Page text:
Bordo, Susan. “Chapter 2: Twenty Years in the Twilight Zone”. Cosmetic Surgery: A Feminist Primer. Ashgate Publishing Ltd: 2009. Permission to reprint granted by Ashgate Publishing Ltd.
Susan Bordo holds the Otis A. Singletary Endowed Chair in the Humanities and is a professor of English and Gender Studies at the University of Kentucky.
Bordo’s chapter in Cosmetic Surgery: A Feminist Primer confronts the different ideologies of individualism in relation to cosmetic surgery and the choice behind it. She explains that although consumerism attempts to give individuals power in that they can “just do it” based on individual desire, it also subtly reaffirms the message that we are defective and essentially need cosmetic surgery.
Morgan, Kathryn Pauly. “Chapter 4: Women and the Knife: Cosmetic Surgery and the Colonization of Women's Bodies”. Cosmetic Surgery: A Feminist Primer. Ashgate Publishing Ltd: 2009. Permission to reprint granted by Ashgate Publishing Ltd.
Kathryn Pauly Morgan received her philosophy Ph.D. from Johns Hopkins University. She is Professor of Philosophy at the University of Toronto where she is cross-appointed to the Women and Gender Studies Institute.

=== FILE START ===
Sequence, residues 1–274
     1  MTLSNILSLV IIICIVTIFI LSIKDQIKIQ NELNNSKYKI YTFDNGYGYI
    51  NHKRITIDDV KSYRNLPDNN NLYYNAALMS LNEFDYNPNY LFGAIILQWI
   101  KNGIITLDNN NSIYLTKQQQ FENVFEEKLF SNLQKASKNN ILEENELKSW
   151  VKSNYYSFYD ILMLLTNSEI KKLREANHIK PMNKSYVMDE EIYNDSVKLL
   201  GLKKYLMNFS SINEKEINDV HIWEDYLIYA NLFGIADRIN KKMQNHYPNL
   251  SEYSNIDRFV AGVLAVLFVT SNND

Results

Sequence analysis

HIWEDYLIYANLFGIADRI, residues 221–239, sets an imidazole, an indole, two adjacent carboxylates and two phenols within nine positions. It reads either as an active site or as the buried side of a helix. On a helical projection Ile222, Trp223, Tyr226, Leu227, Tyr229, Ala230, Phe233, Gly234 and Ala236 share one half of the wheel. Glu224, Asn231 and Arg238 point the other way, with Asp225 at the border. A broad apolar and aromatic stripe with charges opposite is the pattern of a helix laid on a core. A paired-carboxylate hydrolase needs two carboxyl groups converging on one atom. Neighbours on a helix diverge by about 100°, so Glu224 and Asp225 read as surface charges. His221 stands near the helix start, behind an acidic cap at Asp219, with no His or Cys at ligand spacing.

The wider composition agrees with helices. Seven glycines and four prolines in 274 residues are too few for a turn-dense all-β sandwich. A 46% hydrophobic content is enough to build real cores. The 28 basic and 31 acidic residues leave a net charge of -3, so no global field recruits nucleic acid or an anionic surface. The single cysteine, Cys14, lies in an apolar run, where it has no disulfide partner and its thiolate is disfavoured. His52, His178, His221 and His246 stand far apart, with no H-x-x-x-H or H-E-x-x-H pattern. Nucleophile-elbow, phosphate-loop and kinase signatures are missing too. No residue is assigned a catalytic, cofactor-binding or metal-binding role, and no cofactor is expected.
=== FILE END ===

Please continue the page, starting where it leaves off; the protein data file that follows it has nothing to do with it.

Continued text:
In this piece Morgan uses a feminist analysis to understand why women have reduced and reduce themselves to “potential women.” In relation to that assumption, she also contributes to the idea of the response of refusal, in which women as a collective, and most importantly as consumers, have power to affect market conditions and demand in the cosmetic surgery industry at large.
Sobchack, Vivian. “Chapter 5: Scary Women: Cinema, Surgery, and Special Effects”. Cosmetic Surgery: A Feminist Primer. Ashgate Publishing Ltd: 2009. Permission to reprint granted by Ashgate Publishing Ltd.